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Tom Landry - Early life, NFL playing career, NFL coaching career, Beyond the NFL, Tom Landry in Popular Culture

Player and coach of American football, born in Mission, Texas, USA. An outstanding defensive back with the National Football League's New York Giants, he became head coach of the Dallas Cowboys in their first year (1960) and remained until 1988. His teams featured a tricky, multiple offence and his creation, the flex defence. During his 29 seasons, the Cowboys won 18 division championships and app…

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Tom Lanoye - (partial) Bibliography

Flemish novelist, poet, and performer, born in Sint-Niklaas, N Belgium. Generally regarded as the most influential contemporary performing poet, in his performances he explicitly places himself in the ancient oral tradition. His novels, poems, and shows are typified by his strong rhetorical ability, sharp sense of humour, and self-mockery. He made his breakthrough with Een slagerszoon met een bril…

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Tom Mboya - Education, Politics, Death

Kenyan statesman and nationalist leader, born in Kilima Mbogo, WC Kenya. He studied at Mangu, joined the Kenya African Union, and after this Party was suppressed became secretary of the Kenya Federation of Labour and a campaigner for independence. In 1960 he was general secretary of Kenyatta's Kenya African National Union, and became minister of labour (1962–3), minister of justice (1963–4), and…

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Tom McCall - Early life and career, Political career, Vortex I, Back to journalism, End of life, Tributes

Journalist and governor, born in Egypt, Massachusetts, USA. After serving in World War 2 as a US Navy correspondent, he became a television journalist in Portland, OR and produced Pollution in Paradise. A Republican, he became Oregon's secretary of state (1964–6), and as governor (1967–75) he passed 100 environmental protection bills, including the first state fuel conservation plan (1974). He l…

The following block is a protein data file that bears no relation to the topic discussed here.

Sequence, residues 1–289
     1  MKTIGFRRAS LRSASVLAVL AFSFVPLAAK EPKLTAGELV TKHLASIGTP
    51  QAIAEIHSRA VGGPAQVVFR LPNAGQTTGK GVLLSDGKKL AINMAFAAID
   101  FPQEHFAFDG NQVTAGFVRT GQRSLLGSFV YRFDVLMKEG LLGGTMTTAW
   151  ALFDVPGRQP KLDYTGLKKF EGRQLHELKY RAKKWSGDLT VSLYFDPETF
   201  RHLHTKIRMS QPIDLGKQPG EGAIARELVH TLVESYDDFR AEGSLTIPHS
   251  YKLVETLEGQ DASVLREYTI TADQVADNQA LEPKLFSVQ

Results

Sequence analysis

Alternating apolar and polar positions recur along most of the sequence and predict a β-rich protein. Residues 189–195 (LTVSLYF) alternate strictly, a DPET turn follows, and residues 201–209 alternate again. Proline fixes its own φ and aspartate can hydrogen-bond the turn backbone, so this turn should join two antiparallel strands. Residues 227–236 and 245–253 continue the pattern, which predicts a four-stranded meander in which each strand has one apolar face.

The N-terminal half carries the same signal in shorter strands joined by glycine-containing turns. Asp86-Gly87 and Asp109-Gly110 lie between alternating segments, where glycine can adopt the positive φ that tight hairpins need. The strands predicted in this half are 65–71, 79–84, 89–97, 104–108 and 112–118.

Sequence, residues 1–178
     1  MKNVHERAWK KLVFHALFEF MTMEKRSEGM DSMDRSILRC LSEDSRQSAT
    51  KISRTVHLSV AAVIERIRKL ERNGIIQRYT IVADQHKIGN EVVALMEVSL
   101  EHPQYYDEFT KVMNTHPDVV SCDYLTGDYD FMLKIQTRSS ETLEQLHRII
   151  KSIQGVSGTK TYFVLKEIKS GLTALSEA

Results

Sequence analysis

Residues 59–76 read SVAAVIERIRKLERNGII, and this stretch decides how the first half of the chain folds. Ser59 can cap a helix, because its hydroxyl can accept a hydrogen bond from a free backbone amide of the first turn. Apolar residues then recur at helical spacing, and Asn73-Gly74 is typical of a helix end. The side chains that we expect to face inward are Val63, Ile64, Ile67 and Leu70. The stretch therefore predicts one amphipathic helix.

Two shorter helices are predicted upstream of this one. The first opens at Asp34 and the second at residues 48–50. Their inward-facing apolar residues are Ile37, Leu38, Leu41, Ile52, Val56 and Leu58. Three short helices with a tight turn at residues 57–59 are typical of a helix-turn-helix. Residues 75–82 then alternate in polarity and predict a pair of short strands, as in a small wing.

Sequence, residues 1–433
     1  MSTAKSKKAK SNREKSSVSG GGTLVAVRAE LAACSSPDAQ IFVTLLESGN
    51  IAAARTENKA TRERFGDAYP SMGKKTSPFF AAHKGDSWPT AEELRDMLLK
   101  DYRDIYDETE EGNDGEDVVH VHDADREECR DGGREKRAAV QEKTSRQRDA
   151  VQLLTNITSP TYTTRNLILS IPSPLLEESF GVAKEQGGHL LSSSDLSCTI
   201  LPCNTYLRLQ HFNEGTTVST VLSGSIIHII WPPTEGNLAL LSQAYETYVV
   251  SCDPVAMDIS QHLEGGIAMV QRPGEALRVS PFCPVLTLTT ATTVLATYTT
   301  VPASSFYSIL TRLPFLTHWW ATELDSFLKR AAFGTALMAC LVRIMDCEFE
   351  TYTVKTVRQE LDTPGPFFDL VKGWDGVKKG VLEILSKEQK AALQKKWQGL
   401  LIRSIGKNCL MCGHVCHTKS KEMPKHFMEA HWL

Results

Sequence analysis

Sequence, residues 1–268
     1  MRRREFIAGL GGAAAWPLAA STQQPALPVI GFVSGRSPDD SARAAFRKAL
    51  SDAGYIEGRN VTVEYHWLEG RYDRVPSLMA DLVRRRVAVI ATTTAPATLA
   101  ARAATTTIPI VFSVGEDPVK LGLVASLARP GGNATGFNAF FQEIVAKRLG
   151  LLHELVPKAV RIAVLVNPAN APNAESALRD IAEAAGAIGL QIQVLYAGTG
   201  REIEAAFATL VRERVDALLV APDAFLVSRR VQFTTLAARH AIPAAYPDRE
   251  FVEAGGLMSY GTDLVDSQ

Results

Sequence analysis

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Tom Mix - Early years, Film career, Fatal accident, Honors, Trivia, Further reading

Film actor, born in Mix Run, Pennsylvania, USA. He had been a champion rodeo rider, a soldier, and a cowboy in Oklahoma before he began to make short Westerns in 1909. (Studio publicists would later invent an even more glamorous past, fighting in the Spanish-American War, service with the Texas Rangers, and other such mythical feats.) He went on to star in more than 400 low-budget Westerns with hi…

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Tom Paulin - Life and work, Controversy, Bibliography

Poet, born in Leeds, West Yorkshire, N England, UK. He grew up in Belfast, and studied at the universities of Hull and Oxford. His central themes are the Irish predicament, and in particular Protestant identity, beginning with A State of Justice (1977). Later books include The Riot Act (1985), Seize the Fire (1990), and The Invasion Handbook (2002). He edited the Faber books of political verse (19…